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The Stuttgart Declaration 2017

AVERE, der europäische Elektromobilitätsverband, hat nachstehende Erklärung verfasst anlässlich des EVS30, zu dem Experten aus der ganzen Welt vom 9.-11.10. in Stuttgart zusammenkommen. Darin legt AVERE je fünf Gründe dar für Hoffnung, zum Nachdenken und zum Handeln - "reasons for hope, reasons to reason, reasons to act". Der BSM unterstützt diese Erklärung und hofft, dass sie möglichst breite Wirkung entfaltet.

zur deutschen Übersetzung

The Stuttgart Declaration 2017 - the New, Clean Era of Mobility

The 30th edition of the international Electric Vehicle Symposium (EVS30) in Stuttgart gathers more than thousand leading global experts on all aspects of electric mobility. The key messages of importance to the global policymakers gathering in Bonn this month for the COP23 summit, to other policymakers worldwide, and to everyone, is a message of hope, a qualified statement of feasibility, and a call for action.The following have support in presentations to be held at EVS30 Stuttgart, 9.-11th Oct. and research published in the World Electric Vehicle Association Journal.

Reasons for hope!

The global warming forecast is terrifying, knowing the difficulty of the necessary changes in most sectors of the economy. Electrification brings hope because:

  1. We have the potential to over-achieve on the current ambition level by further acceleration of the ramp-up of production of Electric Vehicles.
  2. Industry is on board. It is no longer a question if electrification is the main solution for the future, it is only now a question of when, how fast it will be implemented.
  3. Electric Vehicle drive trains have a reduced energy need of 50-80% compared to internal combustion engines, due mainly to the superior efficiency of the electric motor.
  4. The fact that Electric Vehicles have batteries connected to the grid will enable faster and deeper penetration of renewable energy in power production, helping to solve the challenge of wind and solar energy production dependence on the weather.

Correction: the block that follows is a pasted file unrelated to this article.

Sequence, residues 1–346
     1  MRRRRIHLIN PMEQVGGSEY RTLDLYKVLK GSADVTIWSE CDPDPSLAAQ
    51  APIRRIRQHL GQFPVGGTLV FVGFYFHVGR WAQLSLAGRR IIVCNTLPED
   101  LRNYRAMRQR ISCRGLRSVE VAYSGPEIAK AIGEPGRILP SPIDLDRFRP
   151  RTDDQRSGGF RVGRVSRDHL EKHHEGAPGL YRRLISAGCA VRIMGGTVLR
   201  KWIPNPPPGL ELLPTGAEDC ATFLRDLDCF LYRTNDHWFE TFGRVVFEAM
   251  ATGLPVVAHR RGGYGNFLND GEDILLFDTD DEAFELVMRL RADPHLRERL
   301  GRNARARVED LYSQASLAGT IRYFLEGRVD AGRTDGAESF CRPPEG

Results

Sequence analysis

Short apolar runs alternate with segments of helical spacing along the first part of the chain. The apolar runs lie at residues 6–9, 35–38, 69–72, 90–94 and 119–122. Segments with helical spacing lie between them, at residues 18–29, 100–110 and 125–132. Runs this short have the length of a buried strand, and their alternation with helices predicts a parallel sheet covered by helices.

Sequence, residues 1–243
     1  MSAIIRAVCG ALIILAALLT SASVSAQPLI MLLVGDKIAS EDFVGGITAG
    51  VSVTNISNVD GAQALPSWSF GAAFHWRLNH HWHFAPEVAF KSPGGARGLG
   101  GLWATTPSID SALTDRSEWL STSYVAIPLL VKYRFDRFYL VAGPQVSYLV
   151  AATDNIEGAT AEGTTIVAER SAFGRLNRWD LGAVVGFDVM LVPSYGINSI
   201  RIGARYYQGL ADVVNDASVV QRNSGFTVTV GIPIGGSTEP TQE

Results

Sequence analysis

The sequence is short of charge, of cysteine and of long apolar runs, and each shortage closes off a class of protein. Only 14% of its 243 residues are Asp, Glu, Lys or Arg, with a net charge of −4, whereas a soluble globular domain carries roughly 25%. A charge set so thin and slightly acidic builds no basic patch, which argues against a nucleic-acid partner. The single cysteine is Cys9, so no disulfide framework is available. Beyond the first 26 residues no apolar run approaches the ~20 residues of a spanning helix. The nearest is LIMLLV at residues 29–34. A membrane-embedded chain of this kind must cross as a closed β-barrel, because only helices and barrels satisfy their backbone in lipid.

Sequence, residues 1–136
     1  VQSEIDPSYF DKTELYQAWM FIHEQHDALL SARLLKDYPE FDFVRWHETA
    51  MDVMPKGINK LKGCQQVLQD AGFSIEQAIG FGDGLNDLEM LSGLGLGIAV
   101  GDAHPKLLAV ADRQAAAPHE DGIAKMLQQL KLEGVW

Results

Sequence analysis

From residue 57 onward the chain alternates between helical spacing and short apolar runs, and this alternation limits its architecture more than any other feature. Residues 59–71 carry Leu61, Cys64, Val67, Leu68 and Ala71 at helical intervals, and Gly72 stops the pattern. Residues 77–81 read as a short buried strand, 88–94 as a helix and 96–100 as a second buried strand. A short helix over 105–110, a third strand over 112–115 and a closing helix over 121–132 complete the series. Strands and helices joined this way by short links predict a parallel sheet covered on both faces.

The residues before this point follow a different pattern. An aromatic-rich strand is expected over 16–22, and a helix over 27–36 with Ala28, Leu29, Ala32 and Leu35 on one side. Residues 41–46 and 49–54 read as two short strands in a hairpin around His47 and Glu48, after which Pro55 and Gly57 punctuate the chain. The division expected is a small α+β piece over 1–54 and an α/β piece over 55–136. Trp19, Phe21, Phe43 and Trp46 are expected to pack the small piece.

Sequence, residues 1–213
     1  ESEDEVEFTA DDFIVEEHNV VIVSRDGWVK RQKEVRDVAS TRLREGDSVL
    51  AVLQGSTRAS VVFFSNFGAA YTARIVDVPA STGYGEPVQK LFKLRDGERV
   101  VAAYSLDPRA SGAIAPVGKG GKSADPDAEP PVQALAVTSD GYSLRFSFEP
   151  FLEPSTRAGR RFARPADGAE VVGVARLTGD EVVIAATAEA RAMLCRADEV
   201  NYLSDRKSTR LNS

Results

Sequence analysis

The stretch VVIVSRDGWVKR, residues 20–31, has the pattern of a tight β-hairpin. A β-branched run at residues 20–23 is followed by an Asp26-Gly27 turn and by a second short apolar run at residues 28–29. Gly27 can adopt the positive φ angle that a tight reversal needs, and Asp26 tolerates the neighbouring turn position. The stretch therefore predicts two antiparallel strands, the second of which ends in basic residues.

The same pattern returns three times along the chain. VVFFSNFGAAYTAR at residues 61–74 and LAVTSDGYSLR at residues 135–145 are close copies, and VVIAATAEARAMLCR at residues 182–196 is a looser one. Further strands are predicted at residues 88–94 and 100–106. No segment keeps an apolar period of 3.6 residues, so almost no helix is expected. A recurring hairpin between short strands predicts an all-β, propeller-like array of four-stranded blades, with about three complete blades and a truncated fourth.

5. Driving electric means driving green, but EV drivers also think greener. It is for example a fact that EV drivers are more likely to install solar panels at home.

Reasons to reason.

There will always be opposition to change, knowing the economic implications for owners of stranded assets due to disruption. However, here is the voice of reason from the leading experts:

  1. Battery Electric Vehicles of all kinds are ready for full scale implementation to cover almost any need. Technology development and breakthroughs will continue and prices will drop. This will happen faster when we implement commercially faster. The technology is ready, but it continues to improve at an impressive pace. Cost reductions and weight reductions are accompanied by better performance and higher reliability.
  2. The full life cycle balance-sheet is already positive, despite the fact that it is hard to make a clean product in a dirty economy. Greener power and larger scale reduces indirect emissions from EV production and use, and zero total emissions is feasible with low energy needs. Already the global CO2 emissions from an electric vehicle can be 13 times lower than a comparable internal combustion engine car (including the emissions for the production of the car, in the case renewable energy is used to produce the electricity for charging).
  3. Climate measures often come at a cost or with unwanted side effects, while electrification has mainly positive side effects. Many life cycle analyses take global environmental impact into consideration. Material needs and mining, or other emissions harmful for the local environment are also included. The result is still very positive for EVs.
  4. Charging stations are required and investment in charging infrastructure must be made. However, two large parts of the investment will be carried by commercial/private actors. One, the business case for commercial fast charging is being developed and will cover parts of the needed infrastructure. Two, in most homes where a car is affordable there is unused or relatively cheap electric power available most of the day and all night.